Archimedes is universally acknowledged to be the greatest of ancient mathematicians. He studied at Euclid’s school (probably after Euclid’s death), but his work far surpassed the works of Euclid. His achievements are particularly impressive given the lack of good mathematical notation in his day. His proofs are noted not only for brilliance but for unequalled clarity, with a modern biographer (Heath) describing Archimedes’ treatises as “without exception monuments of mathematical exposition … so impressive in their perfection as to create a feeling akin to awe in the mind of the reader.” Archimedes made advances in number theory, algebra, and analysis, but is most renowned for his many theorems of plane and solid geometry. He was first to prove Heron’s formula for the area of a triangle. His excellent approximation to **√3** indicates that he’d partially anticipated the method of continued fractions. He found a method to trisect an arbitrary angle (using a *markable* straightedge — the construction is impossible using strictly Platonic rules). Although it doesn’t survive in his writings, Pappus reports that he discovered the*Archimedean solids*. One of his most remarkable and famous geometric results was determining the area of a parabolic section, for which he offered two independent proofs, one using his *Principle of the Lever*, the other using a geometric series.

Archimedes anticipated integral calculus, most notably by determining the centers of mass of hemisphere and cylindrical wedge, and the volume of two cylinders’ intersection. Although Archimedes made little use of differential calculus, Chasles credits him (along with Kepler, Cavalieri, and Fermat) as one of the four who developed calculus before Newton and Leibniz. He was similar to Newton in that he used his (non-rigorous) calculus to *discover* results, but then devised rigorous geometric proofs for publication. His original achievements in physics include the principles of leverage, the first law of hydrostatics, and inventions like the compound pulley, the hydraulic screw, and war machines. His books include *Floating Bodies*, *Spirals*, *The Sand Reckoner*, *Measurement of the Circle*, and *Sphere and Cylinder*. He developed the *Stomachion* puzzle (and solved a difficult enumeration problem involving it). Archimedes proved that the volume of a sphere is two-thirds the volume of a circumscribing cylinder. He requested that a representation of such a sphere and cylinder be inscribed on his tomb.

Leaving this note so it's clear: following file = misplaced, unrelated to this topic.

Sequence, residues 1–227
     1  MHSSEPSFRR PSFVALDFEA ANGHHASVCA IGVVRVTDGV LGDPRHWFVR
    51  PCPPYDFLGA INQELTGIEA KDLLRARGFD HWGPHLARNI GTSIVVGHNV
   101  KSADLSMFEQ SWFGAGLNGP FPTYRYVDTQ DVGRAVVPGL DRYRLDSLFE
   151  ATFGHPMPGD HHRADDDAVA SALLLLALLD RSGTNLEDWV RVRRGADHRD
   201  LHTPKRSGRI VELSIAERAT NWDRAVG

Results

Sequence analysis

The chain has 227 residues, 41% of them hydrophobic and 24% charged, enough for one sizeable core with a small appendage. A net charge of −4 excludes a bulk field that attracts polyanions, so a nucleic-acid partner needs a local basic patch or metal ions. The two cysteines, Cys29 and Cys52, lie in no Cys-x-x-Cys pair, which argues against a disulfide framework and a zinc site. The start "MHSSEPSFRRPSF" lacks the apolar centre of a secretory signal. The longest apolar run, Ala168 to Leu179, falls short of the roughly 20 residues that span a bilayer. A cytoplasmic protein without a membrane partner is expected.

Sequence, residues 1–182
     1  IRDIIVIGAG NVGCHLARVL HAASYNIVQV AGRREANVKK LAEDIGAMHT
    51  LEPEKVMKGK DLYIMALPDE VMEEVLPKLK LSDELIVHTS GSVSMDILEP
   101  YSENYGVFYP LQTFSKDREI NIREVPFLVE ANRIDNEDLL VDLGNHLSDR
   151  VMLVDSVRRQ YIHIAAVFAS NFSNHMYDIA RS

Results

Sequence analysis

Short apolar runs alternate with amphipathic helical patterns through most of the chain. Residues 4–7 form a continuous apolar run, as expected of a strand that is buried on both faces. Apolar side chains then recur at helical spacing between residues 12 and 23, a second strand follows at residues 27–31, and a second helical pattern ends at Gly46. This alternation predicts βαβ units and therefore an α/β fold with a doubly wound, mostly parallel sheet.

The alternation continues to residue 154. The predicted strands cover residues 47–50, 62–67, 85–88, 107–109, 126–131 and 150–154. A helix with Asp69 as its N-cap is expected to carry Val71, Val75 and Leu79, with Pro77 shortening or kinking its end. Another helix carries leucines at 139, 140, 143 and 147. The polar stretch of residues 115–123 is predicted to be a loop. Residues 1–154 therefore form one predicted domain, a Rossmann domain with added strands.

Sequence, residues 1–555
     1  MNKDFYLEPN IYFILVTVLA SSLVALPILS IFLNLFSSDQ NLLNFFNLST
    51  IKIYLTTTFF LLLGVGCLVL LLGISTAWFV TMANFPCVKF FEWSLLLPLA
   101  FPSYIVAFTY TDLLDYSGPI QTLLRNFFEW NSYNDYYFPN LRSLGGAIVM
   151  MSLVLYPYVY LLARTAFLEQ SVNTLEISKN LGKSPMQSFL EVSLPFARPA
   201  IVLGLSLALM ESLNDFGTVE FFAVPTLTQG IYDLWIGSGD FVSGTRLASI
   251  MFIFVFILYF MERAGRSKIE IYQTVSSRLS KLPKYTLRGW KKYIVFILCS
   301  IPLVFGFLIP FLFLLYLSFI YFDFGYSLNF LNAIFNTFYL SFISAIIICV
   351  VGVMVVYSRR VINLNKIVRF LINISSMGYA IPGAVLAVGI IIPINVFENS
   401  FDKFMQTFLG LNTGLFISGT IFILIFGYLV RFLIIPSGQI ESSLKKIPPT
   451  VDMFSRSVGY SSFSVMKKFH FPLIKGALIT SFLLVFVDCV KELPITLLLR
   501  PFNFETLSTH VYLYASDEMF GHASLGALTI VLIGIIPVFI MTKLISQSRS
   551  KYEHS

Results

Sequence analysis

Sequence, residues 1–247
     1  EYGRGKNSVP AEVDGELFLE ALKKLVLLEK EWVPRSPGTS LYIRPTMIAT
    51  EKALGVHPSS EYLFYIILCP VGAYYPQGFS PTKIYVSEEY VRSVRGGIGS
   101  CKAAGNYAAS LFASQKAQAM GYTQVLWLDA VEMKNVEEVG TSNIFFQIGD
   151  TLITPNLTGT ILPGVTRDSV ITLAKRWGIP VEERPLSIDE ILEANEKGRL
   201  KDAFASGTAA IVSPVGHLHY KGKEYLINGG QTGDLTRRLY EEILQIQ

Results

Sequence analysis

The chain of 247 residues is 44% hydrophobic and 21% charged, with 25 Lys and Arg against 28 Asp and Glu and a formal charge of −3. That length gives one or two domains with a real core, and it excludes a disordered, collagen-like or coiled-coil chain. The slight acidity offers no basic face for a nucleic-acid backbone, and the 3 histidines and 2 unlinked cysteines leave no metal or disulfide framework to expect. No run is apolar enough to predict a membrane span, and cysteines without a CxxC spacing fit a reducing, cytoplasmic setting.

Archimedes discovered formulae for the volume and surface area of a sphere, and may even have been first to notice and prove the simple relationship between a circle’s circumference and area. For these reasons, **π** is often called *Archimedes’ constant*. His approximation **223/71 < π < 22/7** was the best of his day, though Apollonius soon surpassed it. That Archimedes shared the attitude of later mathematicians like Hardy and Brouwer is suggested by Plutarch’s comment that Archimedes regarded applied mathematics “as ignoble and sordid … and did not deign to [write about his mechanical inventions; instead] he placed his whole ambition in those speculations the beauty and subtlety of which are untainted by any admixture of the common needs of life.”

In the 20th century, modern technology led to the discovery of new writings by Archimedes, hitherto hidden on a palimpsest, including a note that implies an understanding of the distinction between countable and uncountable infinities (a distinction which wasn’t resolved until Georg Cantor, who lived 2300 years after the time of Archimedes). Although Newton may have been the most important mathematician, and Gauss the greatest theorem prover, it is widely accepted that Archimedes was the greatest genius who ever lived. Yet, Hart omits him altogether from his list of Most Influential Persons: Archimedes was simply *too* far ahead of his time to have great historical significance.